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Profile: Leslie West

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Leslie West in 1973

Leslie West in 1973

Photo by Michael Putland/Getty Imnages

You can take the boy out of the city, but ...?:

Leslie West was born in New York City in 1945, but he spent most of his early years in nearby Hackensack, New Jersey, and a succession of small burgs in Queens and Long Island, New York. His first professional gig was with a Long Island-based group known as The Vagrants, who played garage rock and recorded a few singles that were popular in the New York City area.

In 1969, West recorded his first solo album. Its title was his nickname, Mountain, but it would be another year before the band named Mountain (founded by West and the late Felix Pappalardi, bass guitarist, singer, songwriter and producer of Cream's 1967 album, Disraeli Gears) would release their debut album.

Mountain had yet to release their first album, and had performed in public just three times before they took the stage at the 1969 Woodstock festival. The crowd was thrilled with their performance, but it was not included either in the 1970 film, Woodstock or on the first release of the accompanying album. So the band didn't benefit from the recognition boost for artists whose performances were seen and heard on the film and album.

Mountain's debut album, Climbing! was released seven months after Woodstock, in March 1970, and even without benefit of the national post-Woodstock exposure, reached the Top 20 on the Billboard 200 chart. The album included "Mississippi Queen" -- the song that would become their best known, and most often covered by other artists. There was also an ode to Woodstock in the form of "For Yasgur's Farm" (in honor of the name of the festival's location near Bethel, New York.)
This 1970 performance of "Mississippi Queen" shows why it has always been a concert crowd favorite.

Success continued with their second release, Nantucket Sleighride in 1971, another Top 20 (#16) seller. Hoping to continue to ride the wave, their album, Flowers of Evil was also released in 1971, a partly-live, partly-studio recording. It peaked at #35. Within a year, the band split up. Although they would reform several times and release five more studio albums, they were never able to repeat the success of those first three albums.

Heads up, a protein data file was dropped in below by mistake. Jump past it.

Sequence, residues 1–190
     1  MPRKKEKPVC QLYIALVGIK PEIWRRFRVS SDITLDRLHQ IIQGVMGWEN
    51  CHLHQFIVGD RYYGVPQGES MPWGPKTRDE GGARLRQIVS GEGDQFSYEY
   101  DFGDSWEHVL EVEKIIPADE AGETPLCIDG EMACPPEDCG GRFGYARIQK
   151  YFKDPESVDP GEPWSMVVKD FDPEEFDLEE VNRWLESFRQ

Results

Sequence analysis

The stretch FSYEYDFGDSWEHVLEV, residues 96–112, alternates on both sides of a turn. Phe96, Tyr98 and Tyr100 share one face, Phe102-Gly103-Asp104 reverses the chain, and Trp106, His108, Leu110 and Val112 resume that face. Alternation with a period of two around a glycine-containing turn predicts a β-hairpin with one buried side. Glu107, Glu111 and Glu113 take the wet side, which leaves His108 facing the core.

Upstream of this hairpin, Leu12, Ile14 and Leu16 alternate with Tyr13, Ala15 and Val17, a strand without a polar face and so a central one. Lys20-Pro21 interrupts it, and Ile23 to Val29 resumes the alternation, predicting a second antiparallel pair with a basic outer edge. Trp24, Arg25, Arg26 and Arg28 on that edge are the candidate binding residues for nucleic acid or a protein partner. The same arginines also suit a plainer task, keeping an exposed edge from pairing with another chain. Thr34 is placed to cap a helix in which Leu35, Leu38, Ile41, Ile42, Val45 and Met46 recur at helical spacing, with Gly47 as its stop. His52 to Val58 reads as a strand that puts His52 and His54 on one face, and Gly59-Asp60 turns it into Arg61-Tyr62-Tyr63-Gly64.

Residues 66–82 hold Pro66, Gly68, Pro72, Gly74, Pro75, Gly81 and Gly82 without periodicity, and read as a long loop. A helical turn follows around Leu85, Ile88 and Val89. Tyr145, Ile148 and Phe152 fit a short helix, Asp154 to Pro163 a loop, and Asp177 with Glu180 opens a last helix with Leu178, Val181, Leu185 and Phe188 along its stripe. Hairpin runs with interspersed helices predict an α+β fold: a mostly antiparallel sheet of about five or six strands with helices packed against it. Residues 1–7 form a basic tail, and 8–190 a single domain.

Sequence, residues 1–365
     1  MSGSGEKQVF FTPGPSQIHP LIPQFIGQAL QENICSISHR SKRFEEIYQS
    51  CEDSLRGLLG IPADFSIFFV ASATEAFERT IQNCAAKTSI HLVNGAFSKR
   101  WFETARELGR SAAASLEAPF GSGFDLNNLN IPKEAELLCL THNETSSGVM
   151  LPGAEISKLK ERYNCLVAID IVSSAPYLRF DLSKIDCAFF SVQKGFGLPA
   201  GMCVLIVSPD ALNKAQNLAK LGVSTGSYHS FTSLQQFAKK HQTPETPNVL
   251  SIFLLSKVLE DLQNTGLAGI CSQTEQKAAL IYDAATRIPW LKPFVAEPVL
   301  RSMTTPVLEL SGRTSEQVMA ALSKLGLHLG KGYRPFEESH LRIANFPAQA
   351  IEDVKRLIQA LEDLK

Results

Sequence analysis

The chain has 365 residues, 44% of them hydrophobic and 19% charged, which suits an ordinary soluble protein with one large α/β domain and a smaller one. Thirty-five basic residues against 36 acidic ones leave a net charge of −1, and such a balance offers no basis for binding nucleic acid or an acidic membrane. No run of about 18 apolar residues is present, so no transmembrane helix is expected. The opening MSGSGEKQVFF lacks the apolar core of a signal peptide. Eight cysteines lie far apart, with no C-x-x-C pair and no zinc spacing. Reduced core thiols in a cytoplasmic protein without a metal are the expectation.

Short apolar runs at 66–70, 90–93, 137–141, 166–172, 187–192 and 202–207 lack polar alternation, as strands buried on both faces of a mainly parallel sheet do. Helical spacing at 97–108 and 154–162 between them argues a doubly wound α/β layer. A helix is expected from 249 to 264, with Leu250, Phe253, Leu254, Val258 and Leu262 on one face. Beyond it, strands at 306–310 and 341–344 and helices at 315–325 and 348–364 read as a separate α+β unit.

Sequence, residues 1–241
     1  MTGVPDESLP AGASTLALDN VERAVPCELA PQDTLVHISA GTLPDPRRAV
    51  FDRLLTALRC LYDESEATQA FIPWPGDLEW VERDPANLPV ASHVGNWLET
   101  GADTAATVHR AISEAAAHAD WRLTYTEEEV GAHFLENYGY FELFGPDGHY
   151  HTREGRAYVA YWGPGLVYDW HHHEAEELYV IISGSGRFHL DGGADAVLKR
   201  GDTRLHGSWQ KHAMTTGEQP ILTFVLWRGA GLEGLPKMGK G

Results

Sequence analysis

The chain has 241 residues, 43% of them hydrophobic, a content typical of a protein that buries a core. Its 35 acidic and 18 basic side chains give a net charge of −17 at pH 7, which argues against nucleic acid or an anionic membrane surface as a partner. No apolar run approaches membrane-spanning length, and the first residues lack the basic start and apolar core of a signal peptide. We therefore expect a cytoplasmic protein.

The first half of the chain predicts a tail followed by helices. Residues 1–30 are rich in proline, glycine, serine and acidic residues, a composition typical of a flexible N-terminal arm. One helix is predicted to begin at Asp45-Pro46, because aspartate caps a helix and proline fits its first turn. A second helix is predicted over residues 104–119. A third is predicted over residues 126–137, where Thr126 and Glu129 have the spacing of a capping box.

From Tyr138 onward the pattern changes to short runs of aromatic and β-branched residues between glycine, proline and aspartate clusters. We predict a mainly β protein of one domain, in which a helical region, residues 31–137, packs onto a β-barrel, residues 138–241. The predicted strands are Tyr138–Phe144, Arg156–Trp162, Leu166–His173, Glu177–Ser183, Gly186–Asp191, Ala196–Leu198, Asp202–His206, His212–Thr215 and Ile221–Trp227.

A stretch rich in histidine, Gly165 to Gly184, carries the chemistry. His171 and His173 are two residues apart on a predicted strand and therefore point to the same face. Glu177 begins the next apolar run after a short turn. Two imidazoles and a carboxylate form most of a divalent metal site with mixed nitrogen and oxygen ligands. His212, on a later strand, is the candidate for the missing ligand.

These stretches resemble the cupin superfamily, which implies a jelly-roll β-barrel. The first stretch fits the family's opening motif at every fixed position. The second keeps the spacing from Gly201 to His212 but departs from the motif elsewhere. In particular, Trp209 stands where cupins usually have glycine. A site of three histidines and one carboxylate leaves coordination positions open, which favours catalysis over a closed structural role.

Mountain slides, West soldiers on

The end (albeit temporary) of Mountain was by no means the end of Leslie West. In the years that followed, he recorded two studio releases and a live album with former Mountain drummer Corky Laing and former Cream bassist/vocalist Jack Bruce. West, Bruce and Laing split after a couple of years of inner turmoil fueled by the band's heavy drug use, one of the problems that had also led to Mountain's breakup.
Listen to West, Bruce & Laing's "Backfire"

Beginning with his first pre-Mountain release in 1969 and continuing to the present day, West's solo catalog includes 15 studio and live albums. He has always been known as something of as musician's musician, and his early solo albums reflected that with guest appearances by The Rolling Stones' Mick Jagger on 1975's The Great Fatsby, Foreigner's Mick Jones on The Leslie West Band in 1976, and Jack Bruce (ex-Cream) on Theme in 1988.

Good times, bad times

Such was the significance of Woodstock in his life, West chose the 40th anniversary of the festival in 2009 to marry his fiance, Jenni Maurer on stage after a performance at the site of the festival, before 15,000 witnesses.

Just two years later, West learned that complications from diabetes would require that his right leg be amputated below the knee. His 2011 album, Unusual Suspects was finished and ready to be released in September, but at that point, West said later, he thought his days performing live might well be over. Barely four months after the surgery, he was on stage performing again, and fulfilled a 20-city tour commitment.

In the pre-release publicity for West's 2013 release, Still Climbing, West said, "It was a difficult struggle, and after the amputation I didn’t know whether I’d ever want to or be able to perform again. A month later I played at the Rock 'n' Roll Fantasy Camp in New York City, and I heard my guitar on stage and that was it. I knew I had to keep going.”
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